Many! This is a creative endeavor. You will run into all types of people and personalities. Just do your best to 'play nice with others'. It's a bigger part of survival in this industry than many people realize.
7. How did you get your current gig?
I knew Kristian Bush of Sugarland from playing together in the band Billy Pilgrim in the early 90's, before I was in Better Than Ezra. We remained friends over the years and Sugarland had me as the drummer on some recording sessions in the summer of 2007. At that point they asked if I was available to tour with them which coincided with a hiatus Better Than Ezra had planned.
8. Are there certain shows that stick out in your mind above others?
So many...CBGB's - Red Rocks Amphitheatre - the 1996 Olympics - Madison Square Garden - Oprah - Tiger Stadium in Baton Rouge, La (where I was an usher for LSU football games as a kid) - the American Music Awards with Beyonce - many years of New Orleans' Jazz Fest - the 2011 Nobel Peace Prize ceremony...to name a few.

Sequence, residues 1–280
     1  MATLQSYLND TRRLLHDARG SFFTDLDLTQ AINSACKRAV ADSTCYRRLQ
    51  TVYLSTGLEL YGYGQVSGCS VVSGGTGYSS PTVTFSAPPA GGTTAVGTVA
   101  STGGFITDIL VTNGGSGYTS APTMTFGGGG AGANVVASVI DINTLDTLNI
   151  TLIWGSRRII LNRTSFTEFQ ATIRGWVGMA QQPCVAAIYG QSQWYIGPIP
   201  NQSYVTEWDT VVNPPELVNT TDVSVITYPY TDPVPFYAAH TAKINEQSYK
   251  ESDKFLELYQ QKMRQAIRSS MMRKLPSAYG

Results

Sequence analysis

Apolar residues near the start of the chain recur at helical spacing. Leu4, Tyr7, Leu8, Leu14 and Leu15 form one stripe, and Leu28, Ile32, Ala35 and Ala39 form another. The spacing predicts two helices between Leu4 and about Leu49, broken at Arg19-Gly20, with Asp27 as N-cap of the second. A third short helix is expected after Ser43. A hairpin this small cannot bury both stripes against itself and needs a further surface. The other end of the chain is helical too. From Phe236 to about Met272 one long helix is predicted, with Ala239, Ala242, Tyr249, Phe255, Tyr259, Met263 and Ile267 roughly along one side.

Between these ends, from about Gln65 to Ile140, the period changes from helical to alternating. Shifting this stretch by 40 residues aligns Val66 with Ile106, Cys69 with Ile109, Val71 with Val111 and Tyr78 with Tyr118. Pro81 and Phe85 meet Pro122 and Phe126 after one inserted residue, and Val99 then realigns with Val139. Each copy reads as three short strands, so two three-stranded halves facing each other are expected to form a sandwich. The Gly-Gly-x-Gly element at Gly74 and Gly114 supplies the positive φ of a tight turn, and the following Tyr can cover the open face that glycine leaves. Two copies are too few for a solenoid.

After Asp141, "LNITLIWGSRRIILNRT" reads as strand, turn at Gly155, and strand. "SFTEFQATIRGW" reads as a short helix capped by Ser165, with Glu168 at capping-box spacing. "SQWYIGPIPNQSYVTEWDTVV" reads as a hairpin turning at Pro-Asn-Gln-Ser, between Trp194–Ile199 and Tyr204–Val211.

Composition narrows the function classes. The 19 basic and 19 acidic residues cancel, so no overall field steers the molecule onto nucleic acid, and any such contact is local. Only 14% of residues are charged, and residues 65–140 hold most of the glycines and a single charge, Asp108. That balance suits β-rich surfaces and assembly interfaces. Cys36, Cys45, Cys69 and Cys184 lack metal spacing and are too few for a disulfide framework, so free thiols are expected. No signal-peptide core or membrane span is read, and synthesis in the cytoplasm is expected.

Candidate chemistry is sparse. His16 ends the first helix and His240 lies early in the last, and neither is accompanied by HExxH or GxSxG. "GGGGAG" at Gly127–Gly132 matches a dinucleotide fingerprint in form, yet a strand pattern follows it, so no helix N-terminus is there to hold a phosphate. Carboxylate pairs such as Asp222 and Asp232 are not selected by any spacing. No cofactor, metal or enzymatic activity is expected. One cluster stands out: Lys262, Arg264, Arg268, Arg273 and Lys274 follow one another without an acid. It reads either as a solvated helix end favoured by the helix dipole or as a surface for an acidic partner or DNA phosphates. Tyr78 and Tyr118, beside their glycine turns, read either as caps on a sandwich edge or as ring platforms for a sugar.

9. What was the strangest thing that has happened (or that you have seen,) during a tour?
Such a long list...
10. What do you do to maintain your versatility as a drummer?
I try to work with as many different kinds of artists as I can within the realm of my musical tastes, which are pretty wide.
11. What's your current set-up, and what are you digging about it?
Ludwig Stainless! 24, 13, 16, 18- all traditional depths. I have wood hoops on them which is kind of uncommon. I've been doing that on many of my kits for the last 10 years or so. I love these drums. They have a unique tone that is one of the things that attracted me to Ludwig. And of course the Black Beauty snare drum! Im using a 5" deep one right now, engraved by John Aldridge. It's the Holy Grail of snare drums.
12. How important to you are the drums you play and how do you feel it affects your playing?
The drums are super important. Head selection, tuning, hoops, mounting hardware, muffling and the players touch are all part of the equation, but it starts with the drum itself. If it's not happening you are building all of these other factors on a foundation of sand.
13. What drew you to Ludwig?